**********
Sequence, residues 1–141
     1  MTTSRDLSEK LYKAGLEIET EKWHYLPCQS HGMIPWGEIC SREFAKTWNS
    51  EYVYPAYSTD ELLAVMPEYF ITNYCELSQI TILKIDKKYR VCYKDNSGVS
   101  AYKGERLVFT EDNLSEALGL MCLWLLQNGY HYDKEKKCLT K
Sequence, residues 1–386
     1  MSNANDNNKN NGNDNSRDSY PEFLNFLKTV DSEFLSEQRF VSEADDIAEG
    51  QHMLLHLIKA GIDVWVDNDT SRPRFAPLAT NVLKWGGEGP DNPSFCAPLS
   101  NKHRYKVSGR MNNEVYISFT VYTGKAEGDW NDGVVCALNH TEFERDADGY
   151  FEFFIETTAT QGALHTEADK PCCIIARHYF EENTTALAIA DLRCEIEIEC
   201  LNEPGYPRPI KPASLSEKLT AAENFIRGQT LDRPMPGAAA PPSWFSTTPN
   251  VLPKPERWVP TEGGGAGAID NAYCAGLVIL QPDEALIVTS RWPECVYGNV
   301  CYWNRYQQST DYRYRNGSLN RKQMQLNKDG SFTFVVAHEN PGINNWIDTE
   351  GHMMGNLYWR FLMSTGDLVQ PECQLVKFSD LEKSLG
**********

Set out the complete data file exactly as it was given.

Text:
Sequence, residues 1–141
     1  MTTSRDLSEK LYKAGLEIET EKWHYLPCQS HGMIPWGEIC SREFAKTWNS
    51  EYVYPAYSTD ELLAVMPEYF ITNYCELSQI TILKIDKKYR VCYKDNSGVS
   101  AYKGERLVFT EDNLSEALGL MCLWLLQNGY HYDKEKKCLT K
Sequence, residues 1–386
     1  MSNANDNNKN NGNDNSRDSY PEFLNFLKTV DSEFLSEQRF VSEADDIAEG
    51  QHMLLHLIKA GIDVWVDNDT SRPRFAPLAT NVLKWGGEGP DNPSFCAPLS
   101  NKHRYKVSGR MNNEVYISFT VYTGKAEGDW NDGVVCALNH TEFERDADGY
   151  FEFFIETTAT QGALHTEADK PCCIIARHYF EENTTALAIA DLRCEIEIEC
   201  LNEPGYPRPI KPASLSEKLT AAENFIRGQT LDRPMPGAAA PPSWFSTTPN
   251  VLPKPERWVP TEGGGAGAID NAYCAGLVIL QPDEALIVTS RWPECVYGNV
   301  CYWNRYQQST DYRYRNGSLN RKQMQLNKDG SFTFVVAHEN PGINNWIDTE
   351  GHMMGNLYWR FLMSTGDLVQ PECQLVKFSD LEKSLG